Natasha Noy

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Natasha Noy
ResidenceCalifornia, United States
Alma materNortheastern University

Natasha Noy is a Russian-born American computer scientist who works at Google Research in Mountain View, CA.[1] She is best known for her work with the Protégé ontology editor and the Prompt alignment tool, for which she and co-author Mark Musen won the classic paper award from AAAI in 2018.[2] Noy served as president of the Semantic Web Sciences Association from 2012–2017,[3] and her Ontology 101 Tutorial is one of the most cited and downloaded documents in the semantic web.

Background and education[edit]

Noy received a PhD from Northeastern University in 1997. Her thesis focused on knowledge-rich documents, in particular information retrieval for scientific articles.[4] The hypothesis of this work was that embedding formally represented knowledge in texts would make it easier to retrieve, a theme that repeats throughout her career.

Stanford years[edit]

Noy moved from Northeastern to Stanford University, to work with Mark Musen on the Protege project as a post-doc, and later as a research scientist. It was here she did her seminal work on Prompt published in 2002, an environment for automatic ontology alignment.[5][6] This work was awarded the AAAI classic paper award in 2018 for identifying the specifics of the problem and outlining an innovative solution.

By far her most widely distributed work, however, was the Ontology 101 tutorial,[7] which Noy developed as part of the education program for Protege customers. The tutorial became a standard introductory document for the semantic web and ontologies. It has been cited nearly 6000 times as of 2018, and downloaded often.

Google research[edit]

Noy moved to Google research in April, 2014. In 2018, she released the Google Dataset Search engine,[8] "so that scientists, data journalists, or anyone else can find the data required for their work and their stories, or simply to satisfy their intellectual curiosity."[9] The service received widespread coverage in the technology and science press[10][11][12][13][14]

In 2018, she was listed among the top women semantic web researchers without a Wikipedia page, and was nominated to have this page authored during the Ada Lovelace women in computing hackathon,[15] as a way to combat Gender bias on Wikipedia.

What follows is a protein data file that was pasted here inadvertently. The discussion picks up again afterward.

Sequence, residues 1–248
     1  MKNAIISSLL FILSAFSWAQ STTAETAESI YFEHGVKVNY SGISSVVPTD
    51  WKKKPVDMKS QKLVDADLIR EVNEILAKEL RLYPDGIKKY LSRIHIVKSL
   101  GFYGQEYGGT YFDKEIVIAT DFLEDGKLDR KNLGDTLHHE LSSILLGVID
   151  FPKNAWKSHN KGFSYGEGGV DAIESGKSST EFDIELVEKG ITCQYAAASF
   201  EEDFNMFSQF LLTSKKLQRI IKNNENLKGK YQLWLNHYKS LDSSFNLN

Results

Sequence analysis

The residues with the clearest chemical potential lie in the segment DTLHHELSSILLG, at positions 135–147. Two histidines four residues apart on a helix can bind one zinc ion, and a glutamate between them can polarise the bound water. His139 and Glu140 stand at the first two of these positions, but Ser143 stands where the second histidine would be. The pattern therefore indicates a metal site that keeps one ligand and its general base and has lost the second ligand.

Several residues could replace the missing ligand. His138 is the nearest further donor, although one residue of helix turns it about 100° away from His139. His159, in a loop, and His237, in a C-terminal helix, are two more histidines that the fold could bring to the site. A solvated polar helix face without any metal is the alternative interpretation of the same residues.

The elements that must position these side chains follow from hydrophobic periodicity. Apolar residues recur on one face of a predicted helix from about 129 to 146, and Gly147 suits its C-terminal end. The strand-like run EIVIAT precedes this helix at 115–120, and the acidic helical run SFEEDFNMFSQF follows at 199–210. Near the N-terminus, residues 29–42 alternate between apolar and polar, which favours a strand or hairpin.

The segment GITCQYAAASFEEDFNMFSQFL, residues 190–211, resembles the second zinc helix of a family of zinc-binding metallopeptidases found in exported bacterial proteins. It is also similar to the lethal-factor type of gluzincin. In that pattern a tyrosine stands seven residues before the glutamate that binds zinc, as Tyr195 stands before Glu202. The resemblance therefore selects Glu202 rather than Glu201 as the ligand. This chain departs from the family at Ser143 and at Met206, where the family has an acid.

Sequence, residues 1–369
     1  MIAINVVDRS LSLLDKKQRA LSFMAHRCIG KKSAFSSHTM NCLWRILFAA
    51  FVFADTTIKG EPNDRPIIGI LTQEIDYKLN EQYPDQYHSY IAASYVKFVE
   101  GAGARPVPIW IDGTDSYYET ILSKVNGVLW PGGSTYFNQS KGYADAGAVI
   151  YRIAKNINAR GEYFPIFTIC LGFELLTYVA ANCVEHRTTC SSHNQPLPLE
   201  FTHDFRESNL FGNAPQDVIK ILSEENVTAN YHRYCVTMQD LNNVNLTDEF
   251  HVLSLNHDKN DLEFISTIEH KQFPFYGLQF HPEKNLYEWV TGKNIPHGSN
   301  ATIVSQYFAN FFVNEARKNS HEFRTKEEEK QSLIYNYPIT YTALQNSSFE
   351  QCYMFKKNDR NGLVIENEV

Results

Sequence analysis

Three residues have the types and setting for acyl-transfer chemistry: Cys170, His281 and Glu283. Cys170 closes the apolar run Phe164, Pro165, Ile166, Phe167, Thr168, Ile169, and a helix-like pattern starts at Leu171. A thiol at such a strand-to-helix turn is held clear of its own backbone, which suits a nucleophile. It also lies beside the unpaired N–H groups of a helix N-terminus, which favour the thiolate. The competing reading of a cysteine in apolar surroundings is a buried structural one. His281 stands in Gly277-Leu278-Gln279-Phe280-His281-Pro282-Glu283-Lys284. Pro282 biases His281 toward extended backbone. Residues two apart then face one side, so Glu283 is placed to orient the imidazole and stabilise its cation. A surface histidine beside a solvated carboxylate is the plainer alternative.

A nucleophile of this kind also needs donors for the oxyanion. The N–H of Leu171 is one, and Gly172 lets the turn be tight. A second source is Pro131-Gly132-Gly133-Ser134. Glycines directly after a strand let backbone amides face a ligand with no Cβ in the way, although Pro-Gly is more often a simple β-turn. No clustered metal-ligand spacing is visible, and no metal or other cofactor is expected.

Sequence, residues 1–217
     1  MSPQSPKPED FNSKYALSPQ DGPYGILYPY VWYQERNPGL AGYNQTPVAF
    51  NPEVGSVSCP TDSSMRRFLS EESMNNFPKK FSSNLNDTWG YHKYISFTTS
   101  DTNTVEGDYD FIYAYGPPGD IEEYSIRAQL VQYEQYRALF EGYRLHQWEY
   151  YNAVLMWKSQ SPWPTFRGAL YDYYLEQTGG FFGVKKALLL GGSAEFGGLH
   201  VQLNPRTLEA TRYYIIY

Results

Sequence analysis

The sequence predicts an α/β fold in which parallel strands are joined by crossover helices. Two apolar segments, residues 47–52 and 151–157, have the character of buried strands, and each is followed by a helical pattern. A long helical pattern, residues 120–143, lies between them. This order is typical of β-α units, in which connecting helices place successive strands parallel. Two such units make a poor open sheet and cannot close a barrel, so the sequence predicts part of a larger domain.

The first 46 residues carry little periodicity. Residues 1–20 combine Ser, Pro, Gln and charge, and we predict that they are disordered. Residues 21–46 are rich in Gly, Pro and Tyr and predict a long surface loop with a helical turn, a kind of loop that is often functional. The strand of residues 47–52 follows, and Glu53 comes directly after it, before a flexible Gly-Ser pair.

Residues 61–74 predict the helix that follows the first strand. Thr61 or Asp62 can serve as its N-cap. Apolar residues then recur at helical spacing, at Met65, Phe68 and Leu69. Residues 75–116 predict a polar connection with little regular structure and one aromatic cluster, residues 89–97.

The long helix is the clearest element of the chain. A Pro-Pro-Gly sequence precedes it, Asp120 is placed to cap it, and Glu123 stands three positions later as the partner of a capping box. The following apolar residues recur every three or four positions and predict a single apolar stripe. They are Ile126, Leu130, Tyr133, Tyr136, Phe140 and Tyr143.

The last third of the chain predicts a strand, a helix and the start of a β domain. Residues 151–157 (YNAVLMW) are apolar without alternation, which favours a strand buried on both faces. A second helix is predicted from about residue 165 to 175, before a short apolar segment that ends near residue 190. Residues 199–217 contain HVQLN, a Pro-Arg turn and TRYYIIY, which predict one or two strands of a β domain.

1. ^ "Google launches search engine for open datasets - The Tartan". Retrieved 13 October 2018.
  2. ^ "AAAI Classic Paper Award". Retrieved 13 October 2018.
  3. ^ "Members - swsa". Retrieved 13 October 2018.
  4. ^ Natalya Fridman Noy (December 1997). "Knowledge Representation for Intelligent Information Retrieval in Experimental Sciences" (PDF). Retrieved 13 October 2018.
  5. ^ Natalya Fridman Noy; Mark A. Musen. "Algorithm and Tool for Automated Ontology Merging and Alignment" (PDF). Retrieved 13 October 2018.
  6. ^ "Ontology Mapping and Alignment". Retrieved 13 October 2018.
  7. ^ Natalya F. Noy; Deborah L. McGuinness. "Ontology Development 101: A Guide to Creating Your First Ontology" (PDF). Retrieved 13 October 2018.
  8. ^ "Dataset Search". Retrieved 13 October 2018.
  9. ^ "Making it easier to discover datasets". 5 September 2018. Retrieved 13 October 2018.
  10. ^ "Google launches new search engine to help scientists find the datasets they need". Retrieved 13 October 2018.
  11. ^ Castelvecchi, Davide (1 September 2018). "Google unveils search engine for open data". Nature. 561 (7722): 161–162. doi:10.1038/d41586-018-06201-x.
  12. ^ "Google Unveils Dataset Search for Scientists and Other Data Junkies - TOP500 Supercomputer Sites". Retrieved 13 October 2018.
  13. ^ "Google Datasets : Google veut jouer sur le terrain des données". Retrieved 13 October 2018.
  14. ^ "Google Has Created A New Search Engine For Finding Useful Data". 8 September 2018. Retrieved 13 October 2018.
  15. ^ "Ada Lovelace Day Celebration « ISWC 2018". Retrieved 13 October 2018.